The number of 18- to 26-year-old students who report suffering from anxiety disorder has doubled since 2008, perhaps as a result of rising financial stress and increased time spent on digital devices, according to preliminary findings released Thursday by a team of UC Berkeley researchers.
April 18, 2019

London’s Royal Society elects four from Berkeley

The Royal Society of London, the oldest scientific academy in continuous existence, announced their newest fellows this week, among them four UC Berkeley faculty. The newest Berkeley fellows are U.K.-born developmental biologist Richard Harland and Australian-born chemist Martin Head-Gordon. They are joined by two new foreign members, climate scientist Inez Fung and plant biologist Brian Staskawicz. The four are among 51 new fellows, 10 new foreign members and one new honorary member.
April 17, 2019

Nine faculty elected to American Academy of Arts and Sciences

Nine UC Berkeley faculty have been elected to the American Academy of Arts and Sciences, a prestigious nonpartisan research center that convenes scholars and leaders in academic, business and government sectors, drawing expertise across disciplines, to address the most complex challenges of our time. Here are this year’s honorees:
April 12, 2019

Five Berkeleyans among 2019 Guggenheim winners

Five UC Berkeley professors are among this year’s 168 John Simon Guggenheim Memorial Foundation fellows. The prestigious fellowships recognize scholars with impressive achievements who also show promise in fields ranging from the natural sciences to the creative arts.
April 12, 2019

Largest, fastest array of microscopic ‘traffic cops’ for optical communications

Engineers at the University of California, Berkeley have built a new photonic switch that can control the direction of light passing through optical fibers faster and more efficiently than ever. This optical “traffic cop” could one day revolutionize how information travels through data centers and high-performance supercomputers that are used for artificial intelligence and other data-intensive applications.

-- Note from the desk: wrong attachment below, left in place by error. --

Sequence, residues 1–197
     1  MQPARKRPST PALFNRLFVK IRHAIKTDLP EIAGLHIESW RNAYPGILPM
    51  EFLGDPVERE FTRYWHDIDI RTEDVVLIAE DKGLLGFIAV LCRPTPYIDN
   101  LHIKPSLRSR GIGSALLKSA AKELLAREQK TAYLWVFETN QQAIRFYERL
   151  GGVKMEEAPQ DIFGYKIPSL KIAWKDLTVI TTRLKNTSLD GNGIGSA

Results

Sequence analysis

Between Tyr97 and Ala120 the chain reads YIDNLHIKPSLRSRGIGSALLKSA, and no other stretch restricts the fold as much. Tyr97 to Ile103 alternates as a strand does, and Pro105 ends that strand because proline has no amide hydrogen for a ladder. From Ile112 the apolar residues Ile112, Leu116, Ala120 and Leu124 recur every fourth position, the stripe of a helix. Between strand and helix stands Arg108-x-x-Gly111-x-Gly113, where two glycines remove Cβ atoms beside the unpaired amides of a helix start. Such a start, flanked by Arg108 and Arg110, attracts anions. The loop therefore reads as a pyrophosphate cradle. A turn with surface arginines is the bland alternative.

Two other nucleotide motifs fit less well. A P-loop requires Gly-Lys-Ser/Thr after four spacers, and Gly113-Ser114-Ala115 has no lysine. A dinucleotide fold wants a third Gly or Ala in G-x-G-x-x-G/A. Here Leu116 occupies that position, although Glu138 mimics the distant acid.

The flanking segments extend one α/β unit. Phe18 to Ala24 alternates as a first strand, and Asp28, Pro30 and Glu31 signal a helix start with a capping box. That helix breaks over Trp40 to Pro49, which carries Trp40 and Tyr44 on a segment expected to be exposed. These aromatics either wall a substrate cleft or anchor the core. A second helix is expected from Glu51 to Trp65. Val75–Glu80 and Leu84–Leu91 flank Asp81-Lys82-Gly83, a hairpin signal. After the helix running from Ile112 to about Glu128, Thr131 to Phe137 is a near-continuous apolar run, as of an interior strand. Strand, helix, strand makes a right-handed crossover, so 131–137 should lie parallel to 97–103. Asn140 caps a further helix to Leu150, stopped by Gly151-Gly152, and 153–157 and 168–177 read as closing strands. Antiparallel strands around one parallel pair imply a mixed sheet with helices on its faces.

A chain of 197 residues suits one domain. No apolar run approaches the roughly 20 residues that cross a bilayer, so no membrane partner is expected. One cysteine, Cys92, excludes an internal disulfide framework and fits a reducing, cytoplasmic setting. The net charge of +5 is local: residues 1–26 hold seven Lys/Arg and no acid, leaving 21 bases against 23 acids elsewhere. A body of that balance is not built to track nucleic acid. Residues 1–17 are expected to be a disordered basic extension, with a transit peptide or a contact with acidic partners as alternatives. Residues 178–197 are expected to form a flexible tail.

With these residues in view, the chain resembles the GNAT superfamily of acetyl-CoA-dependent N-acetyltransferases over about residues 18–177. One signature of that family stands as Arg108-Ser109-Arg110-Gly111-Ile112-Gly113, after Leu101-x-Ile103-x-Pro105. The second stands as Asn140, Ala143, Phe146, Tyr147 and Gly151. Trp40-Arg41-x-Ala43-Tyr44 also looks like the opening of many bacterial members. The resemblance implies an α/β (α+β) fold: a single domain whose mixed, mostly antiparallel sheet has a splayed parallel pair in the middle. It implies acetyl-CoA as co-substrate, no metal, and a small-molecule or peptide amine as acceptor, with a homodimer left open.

April 11, 2019

Ice Ages triggered when tropical islands and continents collide

University of California scientists think they know why Earth’s generally warm and balmy climate over the past billion years has occasionally been interrupted by cold snaps that enshroud the poles with ice and occasionally turn the planet into a snowball. The key trigger, they say, is mountain formation in the tropics as continental land masses collide with volcanic island arcs, such as the Aleutian Islands chain in Alaska.
April 9, 2019

Meet Blue, the low-cost, human-friendly robot designed for AI

Enter Blue, a new low-cost, human-friendly robot conceived and built by a team of researchers at the University of California, Berkeley. Blue was designed to use recent advances in artificial intelligence (AI) and deep reinforcement learning to master intricate human tasks, all while remaining affordable and safe enough that every artificial intelligence researcher — and eventually every home — could have one.
April 4, 2019

Insulin Insights

Many aspects of insulin signaling remain unclear, particularly its long-term effects on cells, and there are currently no effective cures for the hundreds of millions of people around the world living with diabetes. Now, Professor Anders Näär and collaborators from Harvard Medical School (HMS) have made key new insights into the molecular behavior of insulin.
April 2, 2019

Berkeley’s soda tax election changed drinking habits months before prices went up